L.C.: we will file taxes together next time around. I probably won't take his name until April.
B.S: Well, congrats again to you.
B.S: Thank you for enlightening me.
L.C.: You too Bon
L.C.: hahah I feel smarter from just talking to are expanding my vocabulary
B.S: I truly wish you the best in life - if you are anything like the ol' Leah, you will laugh and dance throughout your years.
L.C.: oh my yes.....
B.S: Ok Hon.
L.C.: take it easy
B.S: It is one in the a.m. for me...
L.C.: keep writing the great stuff
B.S: You too!
L.C.: haha
B.S: Chow.
L.C.: adios

Wednesday, May 30, 2007

MidWeek News

The new Big Brother will begin with only women contestants; slowly men will be added to the mix. The reason? "It will be a hilarious start,' one insider tells the Daily Mirror. 'The girls' behavior will be fascinating. The first man in will be a real hunk - so the girls can flirt and fight over him.'" Yeah so tune in if you want to watch a group of ladies demoralizing each other, and being catty, coy and jealous for the cameras.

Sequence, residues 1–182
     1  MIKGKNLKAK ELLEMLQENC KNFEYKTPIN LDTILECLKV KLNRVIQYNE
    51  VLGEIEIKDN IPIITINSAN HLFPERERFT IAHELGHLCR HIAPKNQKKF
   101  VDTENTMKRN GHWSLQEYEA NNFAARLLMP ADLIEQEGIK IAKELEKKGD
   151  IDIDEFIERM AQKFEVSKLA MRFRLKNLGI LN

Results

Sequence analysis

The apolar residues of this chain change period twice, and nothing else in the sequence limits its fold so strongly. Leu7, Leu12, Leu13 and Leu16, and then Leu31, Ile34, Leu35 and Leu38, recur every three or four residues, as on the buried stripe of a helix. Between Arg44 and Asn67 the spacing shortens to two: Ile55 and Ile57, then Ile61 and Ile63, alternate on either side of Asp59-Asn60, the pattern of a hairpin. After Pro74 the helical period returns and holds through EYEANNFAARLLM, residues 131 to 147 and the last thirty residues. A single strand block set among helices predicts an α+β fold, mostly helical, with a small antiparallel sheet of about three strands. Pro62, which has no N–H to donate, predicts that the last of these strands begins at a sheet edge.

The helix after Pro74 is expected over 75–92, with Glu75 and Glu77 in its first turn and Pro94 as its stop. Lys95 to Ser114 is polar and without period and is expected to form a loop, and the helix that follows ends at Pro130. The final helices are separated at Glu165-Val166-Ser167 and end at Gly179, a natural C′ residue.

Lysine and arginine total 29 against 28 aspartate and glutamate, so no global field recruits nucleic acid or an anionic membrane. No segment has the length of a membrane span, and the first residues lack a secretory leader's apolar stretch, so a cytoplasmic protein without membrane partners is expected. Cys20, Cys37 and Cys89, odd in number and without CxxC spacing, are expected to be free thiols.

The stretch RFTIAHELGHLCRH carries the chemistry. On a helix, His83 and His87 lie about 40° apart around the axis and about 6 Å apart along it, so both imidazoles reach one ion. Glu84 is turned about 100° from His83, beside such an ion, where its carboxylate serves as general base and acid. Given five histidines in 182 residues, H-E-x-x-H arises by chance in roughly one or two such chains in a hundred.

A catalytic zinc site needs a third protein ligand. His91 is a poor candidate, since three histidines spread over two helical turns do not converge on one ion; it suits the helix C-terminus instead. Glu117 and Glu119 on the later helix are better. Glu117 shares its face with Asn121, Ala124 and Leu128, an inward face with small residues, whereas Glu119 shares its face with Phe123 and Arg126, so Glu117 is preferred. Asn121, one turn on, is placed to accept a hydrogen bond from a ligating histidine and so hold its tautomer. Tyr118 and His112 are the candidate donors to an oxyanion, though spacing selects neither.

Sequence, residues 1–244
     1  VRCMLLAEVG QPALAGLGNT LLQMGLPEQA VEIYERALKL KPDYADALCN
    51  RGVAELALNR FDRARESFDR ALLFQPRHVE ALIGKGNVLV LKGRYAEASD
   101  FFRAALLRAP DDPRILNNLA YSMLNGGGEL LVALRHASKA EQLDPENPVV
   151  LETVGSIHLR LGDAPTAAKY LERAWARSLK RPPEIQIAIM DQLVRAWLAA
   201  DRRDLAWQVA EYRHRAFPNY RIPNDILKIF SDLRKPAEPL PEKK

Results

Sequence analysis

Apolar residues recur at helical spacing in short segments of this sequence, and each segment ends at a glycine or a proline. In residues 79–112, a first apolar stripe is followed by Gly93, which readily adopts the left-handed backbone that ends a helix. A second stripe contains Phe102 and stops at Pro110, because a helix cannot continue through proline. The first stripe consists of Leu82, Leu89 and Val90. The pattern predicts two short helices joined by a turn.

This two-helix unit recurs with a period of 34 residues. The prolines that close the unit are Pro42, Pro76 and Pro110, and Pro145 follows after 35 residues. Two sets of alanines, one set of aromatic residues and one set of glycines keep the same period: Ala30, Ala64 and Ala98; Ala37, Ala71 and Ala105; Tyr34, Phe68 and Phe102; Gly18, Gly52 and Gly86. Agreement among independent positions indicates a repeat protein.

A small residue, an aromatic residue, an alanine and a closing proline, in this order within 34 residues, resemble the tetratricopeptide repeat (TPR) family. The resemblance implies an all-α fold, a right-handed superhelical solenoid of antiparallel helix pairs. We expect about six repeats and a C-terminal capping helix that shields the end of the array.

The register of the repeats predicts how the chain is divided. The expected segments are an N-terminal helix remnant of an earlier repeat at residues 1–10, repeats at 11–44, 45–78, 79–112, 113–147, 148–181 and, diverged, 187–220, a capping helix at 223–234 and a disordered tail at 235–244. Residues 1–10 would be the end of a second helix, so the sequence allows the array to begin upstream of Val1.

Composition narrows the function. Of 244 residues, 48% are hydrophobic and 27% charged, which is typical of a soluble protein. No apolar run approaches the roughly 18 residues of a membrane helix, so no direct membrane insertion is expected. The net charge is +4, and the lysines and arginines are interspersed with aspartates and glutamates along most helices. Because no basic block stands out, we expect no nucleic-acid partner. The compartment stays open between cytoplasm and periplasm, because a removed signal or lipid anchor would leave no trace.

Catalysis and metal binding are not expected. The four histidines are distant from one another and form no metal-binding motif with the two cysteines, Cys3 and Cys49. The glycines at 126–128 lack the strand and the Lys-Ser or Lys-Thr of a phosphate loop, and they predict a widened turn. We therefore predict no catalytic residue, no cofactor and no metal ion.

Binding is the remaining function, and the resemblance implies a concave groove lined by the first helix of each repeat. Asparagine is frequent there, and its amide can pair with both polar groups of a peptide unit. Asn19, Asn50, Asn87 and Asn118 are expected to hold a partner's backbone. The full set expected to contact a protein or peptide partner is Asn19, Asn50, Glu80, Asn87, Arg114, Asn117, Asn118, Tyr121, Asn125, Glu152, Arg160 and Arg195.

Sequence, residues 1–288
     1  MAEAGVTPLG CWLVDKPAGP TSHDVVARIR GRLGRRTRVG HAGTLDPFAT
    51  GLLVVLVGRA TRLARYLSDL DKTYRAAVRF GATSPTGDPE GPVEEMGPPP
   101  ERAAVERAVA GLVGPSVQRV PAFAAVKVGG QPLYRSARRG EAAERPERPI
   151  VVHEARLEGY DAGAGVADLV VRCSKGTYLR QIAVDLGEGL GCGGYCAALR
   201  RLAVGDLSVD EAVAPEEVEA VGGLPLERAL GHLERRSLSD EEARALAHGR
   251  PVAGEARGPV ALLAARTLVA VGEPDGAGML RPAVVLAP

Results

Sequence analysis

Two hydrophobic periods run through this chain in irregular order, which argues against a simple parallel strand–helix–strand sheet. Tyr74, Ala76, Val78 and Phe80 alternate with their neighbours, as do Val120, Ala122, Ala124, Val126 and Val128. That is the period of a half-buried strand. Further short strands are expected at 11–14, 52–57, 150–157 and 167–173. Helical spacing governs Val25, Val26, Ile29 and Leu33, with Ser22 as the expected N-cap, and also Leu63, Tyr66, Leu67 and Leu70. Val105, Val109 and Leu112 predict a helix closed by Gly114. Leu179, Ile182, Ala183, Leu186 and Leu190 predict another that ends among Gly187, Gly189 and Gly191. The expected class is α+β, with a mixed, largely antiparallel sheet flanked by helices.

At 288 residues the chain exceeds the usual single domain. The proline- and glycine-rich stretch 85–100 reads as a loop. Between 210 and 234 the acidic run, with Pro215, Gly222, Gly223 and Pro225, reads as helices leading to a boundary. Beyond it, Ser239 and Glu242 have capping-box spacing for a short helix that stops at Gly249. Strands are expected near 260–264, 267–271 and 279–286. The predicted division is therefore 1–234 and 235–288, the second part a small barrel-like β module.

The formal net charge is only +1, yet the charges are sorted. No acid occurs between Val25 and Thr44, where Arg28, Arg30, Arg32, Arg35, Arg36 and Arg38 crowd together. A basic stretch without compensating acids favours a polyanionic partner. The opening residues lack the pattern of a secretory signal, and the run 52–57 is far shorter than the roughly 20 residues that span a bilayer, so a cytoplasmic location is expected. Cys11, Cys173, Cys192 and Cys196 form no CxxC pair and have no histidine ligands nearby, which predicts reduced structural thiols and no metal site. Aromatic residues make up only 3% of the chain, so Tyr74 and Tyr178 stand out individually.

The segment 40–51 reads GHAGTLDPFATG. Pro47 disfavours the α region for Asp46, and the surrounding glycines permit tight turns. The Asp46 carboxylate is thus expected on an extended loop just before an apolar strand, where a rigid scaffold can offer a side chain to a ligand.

An opinionated take on male vs. female writers, and the ways in which society views American ladies as mushy -- even when they do write about non-lovey-dovey topics, they are still writing about "male" subjects: ships, cowboys, accordion. What is most interesting, is that there seems to be a double standard in terms of writing about emotions, family and relationships: "When writers like [Jeffrey] Eugenides write about families and relationships, critics marvel at their capacity for empathy. When a female writer does the same thing, they sigh and roll their eyes. Men aren't penalized for focusing on family and relationship. Rather, we wonder at their empathy because of their gender." The writer of this piece asks the question -- of which I have asked as well -- where is the outcry? Where is our generation, who should be screaming against the prescribed gender roles? Where are the feminists?

Monday, May 28, 2007

The Struggle Between Power and Innocence

This is an interesting take on a woman who made her way to the top by being aggressive and power hungry, but when she found herself in hot water, turned herself back in to a "little girl."